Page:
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SKU: 848212-5001S-WithSensor

This Product Fits These Vehicles:

2004 Chevrolet 2500HD with 6.6L Duramax
2004 Chevrolet 3500 with 6.6L Duramax
2005 Chevrolet 2500HD with 6.6L Duramax
2005 Chevrolet 3500 with 6.6L Duramax

2004 – 2005 Chevy Pickup (LLY) 6.6L Duramax Turbocharger – With Vane Sensor


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Ships in: Same day on orders before 3pm CST. Ships from Jackson, TN

This is a brand new Garrett OE turbocharger. Not remanufactured or rebuilt … NEW, in the box.

Fits all 2004 and 2005 Chevrolet Duramax LLY Pickup Trucks.

Please note:  This turbocharger does not fit LB7 Pickup Trucks, which were also manufactured in 2004.  If you’re unsure if your truck is an LLY or an LB7, please give us a call and we’ll help you figure it out.

This is a COMPLETE kit, ready to be installed without purchasing any additional parts. Includes the gasket installation kit ($65 value) AND the Vane Position Sensor Pigtail ($85 value.)

Product Information

This is a brand new Garrett OE turbocharger. Not remanufactured or rebuilt … NEW, in the box.

Fits all 2004 and 2005 Chevrolet Duramax LLY Pickup Trucks.

Please note:  This turbocharger does not fit LB7 Pickup Trucks, which were also manufactured in 2004.  If you’re unsure if your truck is an LLY or an LB7, please give us a call and we’ll help you figure it out.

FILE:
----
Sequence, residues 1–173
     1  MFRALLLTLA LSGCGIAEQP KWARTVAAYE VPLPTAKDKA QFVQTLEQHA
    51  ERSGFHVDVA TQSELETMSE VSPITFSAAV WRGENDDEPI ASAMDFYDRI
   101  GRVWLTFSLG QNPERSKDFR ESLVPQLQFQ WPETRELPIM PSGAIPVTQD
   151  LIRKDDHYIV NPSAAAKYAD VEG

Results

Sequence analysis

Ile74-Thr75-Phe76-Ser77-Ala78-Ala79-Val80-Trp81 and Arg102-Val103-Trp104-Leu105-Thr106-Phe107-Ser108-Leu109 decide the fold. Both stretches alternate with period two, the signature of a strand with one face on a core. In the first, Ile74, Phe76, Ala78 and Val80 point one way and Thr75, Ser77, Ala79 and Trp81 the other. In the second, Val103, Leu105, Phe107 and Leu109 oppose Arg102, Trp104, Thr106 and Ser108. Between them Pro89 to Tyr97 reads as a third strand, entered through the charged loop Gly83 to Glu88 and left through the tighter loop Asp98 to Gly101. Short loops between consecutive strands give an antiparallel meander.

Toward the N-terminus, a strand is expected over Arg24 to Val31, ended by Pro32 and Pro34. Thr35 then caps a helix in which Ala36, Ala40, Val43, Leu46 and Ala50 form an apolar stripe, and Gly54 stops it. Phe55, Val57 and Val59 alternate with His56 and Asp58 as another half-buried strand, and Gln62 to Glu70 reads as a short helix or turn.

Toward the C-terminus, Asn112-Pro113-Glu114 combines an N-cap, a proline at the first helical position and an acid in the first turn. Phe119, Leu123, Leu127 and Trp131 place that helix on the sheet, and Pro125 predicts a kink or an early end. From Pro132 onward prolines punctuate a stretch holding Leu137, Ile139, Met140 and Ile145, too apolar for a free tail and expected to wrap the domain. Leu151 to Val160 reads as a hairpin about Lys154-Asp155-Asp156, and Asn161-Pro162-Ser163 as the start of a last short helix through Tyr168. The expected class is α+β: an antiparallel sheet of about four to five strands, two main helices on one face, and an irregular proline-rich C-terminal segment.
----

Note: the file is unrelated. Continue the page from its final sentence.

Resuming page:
This is a COMPLETE kit, ready to be installed without purchasing any additional parts. Includes the gasket installation kit ($65 value) AND the Vane Position Sensor Pigtail ($85 value.)

Includes a 1 Year UNLIMITED MILEAGE Taylor Diesel Peace of Mind Warranty.

Free shipping on Turbochargers for Ford Powerstroke Diesel Engines

Additional information

Weight 65 lbs
Dimensions 18 × 18 × 18 in
Make

Model

,

SKU

848212-5001S-WithSensor

This is a brand new Garrett OE turbocharger. Not remanufactured or rebuilt … NEW, in the box.

Fits all 2004 and 2005 Chevrolet Duramax LLY Pickup Trucks.

Please note:  This turbocharger does not fit LB7 Pickup Trucks, which were also manufactured in 2004.  If you’re unsure if your truck is an LLY or an LB7, please give us a call and we’ll help you figure it out.

This is a COMPLETE kit, ready to be installed without purchasing any additional parts. Includes the gasket installation kit ($65 value) AND the Vane Position Sensor Pigtail ($85 value.)

Includes a 1 Year UNLIMITED MILEAGE Taylor Diesel Peace of Mind Warranty.

Free shipping on Turbochargers for Ford Powerstroke Diesel Engines


Make: Chevrolet
Model: 2500HD with 6.6L Duramax, 3500 with 6.6L Duramax

Additional information

Weight 65 lbs
Dimensions 18 × 18 × 18 in
Make

Model

,

SKU: 848212-5001S-WithSensor

This Product Fits These Vehicles:

2004 Chevrolet 2500HD with 6.6L Duramax
2004 Chevrolet 3500 with 6.6L Duramax